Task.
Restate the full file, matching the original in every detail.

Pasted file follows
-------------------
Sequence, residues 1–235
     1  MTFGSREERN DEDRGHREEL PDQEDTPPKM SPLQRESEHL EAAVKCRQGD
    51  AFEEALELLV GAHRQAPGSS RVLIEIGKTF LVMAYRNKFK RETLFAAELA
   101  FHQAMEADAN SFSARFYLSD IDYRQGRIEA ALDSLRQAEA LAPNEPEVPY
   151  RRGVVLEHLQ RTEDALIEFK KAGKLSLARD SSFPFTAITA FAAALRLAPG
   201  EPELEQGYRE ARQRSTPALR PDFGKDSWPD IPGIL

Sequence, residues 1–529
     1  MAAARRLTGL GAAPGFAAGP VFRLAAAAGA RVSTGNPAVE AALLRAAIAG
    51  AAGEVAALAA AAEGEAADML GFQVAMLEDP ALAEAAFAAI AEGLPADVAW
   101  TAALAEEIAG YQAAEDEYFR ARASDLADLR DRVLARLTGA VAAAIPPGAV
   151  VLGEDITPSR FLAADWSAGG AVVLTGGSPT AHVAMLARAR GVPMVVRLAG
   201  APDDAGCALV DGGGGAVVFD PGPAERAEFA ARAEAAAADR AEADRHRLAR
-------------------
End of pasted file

Sequence, residues 1–235
     1  MTFGSREERN DEDRGHREEL PDQEDTPPKM SPLQRESEHL EAAVKCRQGD
    51  AFEEALELLV GAHRQAPGSS RVLIEIGKTF LVMAYRNKFK RETLFAAELA
   101  FHQAMEADAN SFSARFYLSD IDYRQGRIEA ALDSLRQAEA LAPNEPEVPY
   151  RRGVVLEHLQ RTEDALIEFK KAGKLSLARD SSFPFTAITA FAAALRLAPG
   201  EPELEQGYRE ARQRSTPALR PDFGKDSWPD IPGIL

Sequence, residues 1–529
     1  MAAARRLTGL GAAPGFAAGP VFRLAAAAGA RVSTGNPAVE AALLRAAIAG
    51  AAGEVAALAA AAEGEAADML GFQVAMLEDP ALAEAAFAAI AEGLPADVAW
   101  TAALAEEIAG YQAAEDEYFR ARASDLADLR DRVLARLTGA VAAAIPPGAV
   151  VLGEDITPSR FLAADWSAGG AVVLTGGSPT AHVAMLARAR GVPMVVRLAG
   201  APDDAGCALV DGGGGAVVFD PGPAERAEFA ARAEAAAADR AEADRHRLAR